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This module explores the evolving field of international criminal law. The normative foundations and institutional structures for the international prosecution of mass atrocity crimes have proliferated in recent decades. The module will examine how the international community of nations goes about identifying the most serious international crimes, and punishing their perpetrators.
The module will examine the history, institutional architecture, political context, and conceptual underpinnings of international criminal law, as well as its forms of jurisdiction and enforcement. We will look closely at the courts and tribunals tasked with the prosecution of international crimes, in particular the International Criminal Court. Specific international crimes such as genocide, crimes against humanity, and war crimes will be examined in depth, and significant international criminal trials will be discussed. We will also look at the potential modes of liability which may be attached to these crimes, including the ideas of joint criminal enterprise and superior responsibility.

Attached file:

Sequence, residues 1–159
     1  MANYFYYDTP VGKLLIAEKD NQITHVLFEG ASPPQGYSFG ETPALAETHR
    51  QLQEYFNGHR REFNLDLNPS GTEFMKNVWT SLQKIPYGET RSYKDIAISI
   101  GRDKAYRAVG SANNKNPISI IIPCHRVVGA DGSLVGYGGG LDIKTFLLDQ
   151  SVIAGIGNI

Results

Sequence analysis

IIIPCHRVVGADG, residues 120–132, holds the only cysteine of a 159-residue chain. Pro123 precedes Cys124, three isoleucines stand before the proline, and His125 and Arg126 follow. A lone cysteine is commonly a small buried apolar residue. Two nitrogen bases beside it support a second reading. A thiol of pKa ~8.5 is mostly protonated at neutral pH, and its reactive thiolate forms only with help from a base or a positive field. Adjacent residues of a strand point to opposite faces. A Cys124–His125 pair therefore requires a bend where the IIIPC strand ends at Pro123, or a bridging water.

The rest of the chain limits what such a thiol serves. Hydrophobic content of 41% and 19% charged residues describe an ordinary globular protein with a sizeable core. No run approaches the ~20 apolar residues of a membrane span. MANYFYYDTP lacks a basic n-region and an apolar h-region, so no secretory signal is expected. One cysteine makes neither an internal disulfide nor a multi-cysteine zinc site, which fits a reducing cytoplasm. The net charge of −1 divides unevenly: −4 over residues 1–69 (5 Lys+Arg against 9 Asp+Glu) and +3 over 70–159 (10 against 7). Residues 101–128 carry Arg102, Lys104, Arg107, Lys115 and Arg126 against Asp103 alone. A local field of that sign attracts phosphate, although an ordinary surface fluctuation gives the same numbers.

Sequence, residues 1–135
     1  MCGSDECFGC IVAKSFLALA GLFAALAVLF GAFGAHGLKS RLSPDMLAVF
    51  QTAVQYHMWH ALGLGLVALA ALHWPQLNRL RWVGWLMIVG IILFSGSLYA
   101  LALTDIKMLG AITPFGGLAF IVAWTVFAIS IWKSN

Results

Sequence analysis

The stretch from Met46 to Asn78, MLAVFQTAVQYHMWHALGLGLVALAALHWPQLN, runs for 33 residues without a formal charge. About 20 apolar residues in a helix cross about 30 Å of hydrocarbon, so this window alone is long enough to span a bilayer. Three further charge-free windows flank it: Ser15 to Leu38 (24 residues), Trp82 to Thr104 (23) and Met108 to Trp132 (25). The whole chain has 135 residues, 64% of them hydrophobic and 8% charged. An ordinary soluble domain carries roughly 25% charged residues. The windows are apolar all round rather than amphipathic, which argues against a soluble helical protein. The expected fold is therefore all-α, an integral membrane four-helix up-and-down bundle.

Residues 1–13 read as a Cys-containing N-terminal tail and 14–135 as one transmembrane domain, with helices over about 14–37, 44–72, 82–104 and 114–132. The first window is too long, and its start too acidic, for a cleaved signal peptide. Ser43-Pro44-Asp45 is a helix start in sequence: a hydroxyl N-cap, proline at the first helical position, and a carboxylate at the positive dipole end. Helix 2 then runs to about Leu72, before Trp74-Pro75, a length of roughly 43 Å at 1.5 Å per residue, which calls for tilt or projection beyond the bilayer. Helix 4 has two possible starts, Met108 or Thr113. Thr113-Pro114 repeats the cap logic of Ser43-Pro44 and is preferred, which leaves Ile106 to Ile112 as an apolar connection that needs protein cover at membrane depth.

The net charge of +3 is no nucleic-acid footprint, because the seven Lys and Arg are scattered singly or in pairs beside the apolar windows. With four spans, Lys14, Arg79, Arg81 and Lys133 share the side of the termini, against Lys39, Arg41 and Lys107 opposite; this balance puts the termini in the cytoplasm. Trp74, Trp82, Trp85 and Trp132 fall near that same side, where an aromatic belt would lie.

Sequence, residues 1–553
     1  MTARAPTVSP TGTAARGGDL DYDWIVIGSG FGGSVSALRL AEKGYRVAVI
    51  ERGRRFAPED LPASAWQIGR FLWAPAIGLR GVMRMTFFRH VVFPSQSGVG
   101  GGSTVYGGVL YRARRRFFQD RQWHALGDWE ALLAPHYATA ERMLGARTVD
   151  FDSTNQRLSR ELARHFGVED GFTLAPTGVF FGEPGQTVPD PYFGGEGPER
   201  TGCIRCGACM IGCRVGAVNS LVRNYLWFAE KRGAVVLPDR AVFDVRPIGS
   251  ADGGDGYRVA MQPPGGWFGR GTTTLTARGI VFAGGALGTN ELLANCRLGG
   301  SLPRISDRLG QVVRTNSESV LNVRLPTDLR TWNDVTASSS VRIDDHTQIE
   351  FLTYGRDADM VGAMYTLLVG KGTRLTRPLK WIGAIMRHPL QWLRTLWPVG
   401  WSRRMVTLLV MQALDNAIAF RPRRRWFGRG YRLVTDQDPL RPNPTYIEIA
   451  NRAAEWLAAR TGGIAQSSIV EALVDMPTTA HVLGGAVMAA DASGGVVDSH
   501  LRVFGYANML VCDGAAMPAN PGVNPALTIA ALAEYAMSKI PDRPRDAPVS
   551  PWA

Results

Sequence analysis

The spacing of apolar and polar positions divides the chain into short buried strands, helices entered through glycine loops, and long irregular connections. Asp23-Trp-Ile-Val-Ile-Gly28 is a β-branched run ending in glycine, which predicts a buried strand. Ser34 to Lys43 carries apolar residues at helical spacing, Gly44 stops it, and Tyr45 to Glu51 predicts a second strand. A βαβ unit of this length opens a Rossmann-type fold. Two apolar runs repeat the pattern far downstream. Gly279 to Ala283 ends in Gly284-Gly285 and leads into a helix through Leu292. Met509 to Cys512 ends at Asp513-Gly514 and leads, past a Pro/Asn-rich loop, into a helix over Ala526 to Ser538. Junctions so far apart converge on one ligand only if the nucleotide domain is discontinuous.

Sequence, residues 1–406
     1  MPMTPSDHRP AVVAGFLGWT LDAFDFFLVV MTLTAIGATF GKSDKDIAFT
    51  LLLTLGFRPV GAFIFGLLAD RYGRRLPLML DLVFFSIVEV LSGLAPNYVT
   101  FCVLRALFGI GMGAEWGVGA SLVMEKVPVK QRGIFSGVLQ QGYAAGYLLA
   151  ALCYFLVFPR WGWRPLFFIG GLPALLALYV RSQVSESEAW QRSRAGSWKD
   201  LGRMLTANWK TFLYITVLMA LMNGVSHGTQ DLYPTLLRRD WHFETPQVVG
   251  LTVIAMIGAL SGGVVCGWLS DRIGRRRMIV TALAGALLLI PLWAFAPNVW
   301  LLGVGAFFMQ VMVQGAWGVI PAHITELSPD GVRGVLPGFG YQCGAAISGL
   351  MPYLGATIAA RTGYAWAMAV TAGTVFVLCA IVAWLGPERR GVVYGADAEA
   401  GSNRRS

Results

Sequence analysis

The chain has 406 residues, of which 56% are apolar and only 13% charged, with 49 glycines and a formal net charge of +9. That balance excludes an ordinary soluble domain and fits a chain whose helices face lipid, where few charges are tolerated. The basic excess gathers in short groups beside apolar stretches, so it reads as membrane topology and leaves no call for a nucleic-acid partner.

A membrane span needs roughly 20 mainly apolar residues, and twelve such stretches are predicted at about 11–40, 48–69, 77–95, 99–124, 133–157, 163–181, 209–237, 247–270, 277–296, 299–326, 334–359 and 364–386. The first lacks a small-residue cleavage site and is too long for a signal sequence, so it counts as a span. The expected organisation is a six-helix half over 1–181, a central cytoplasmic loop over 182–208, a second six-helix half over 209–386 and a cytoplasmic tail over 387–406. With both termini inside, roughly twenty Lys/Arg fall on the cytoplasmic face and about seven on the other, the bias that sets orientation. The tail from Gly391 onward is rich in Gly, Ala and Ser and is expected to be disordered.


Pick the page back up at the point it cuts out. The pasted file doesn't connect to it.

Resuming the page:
The practical and political challenges of investigating and prosecuting mass atrocity crimes will be discussed. The module will also examine some of the assumptions that underpin the international criminal justice project, such as:
- the necessity of retributive justice to conflict resolution;
- the effectiveness of criminal prosecution as a deterrent to the commission of abuses in war;
- the separation of civil conflict from underlying socio-economic conditions;
- the universality of international legal norms.
The module ultimately has two broad aims: to develop a thorough understanding of international criminal law’s structures and legal concepts, and encourage a critical analysis of those structures and concepts.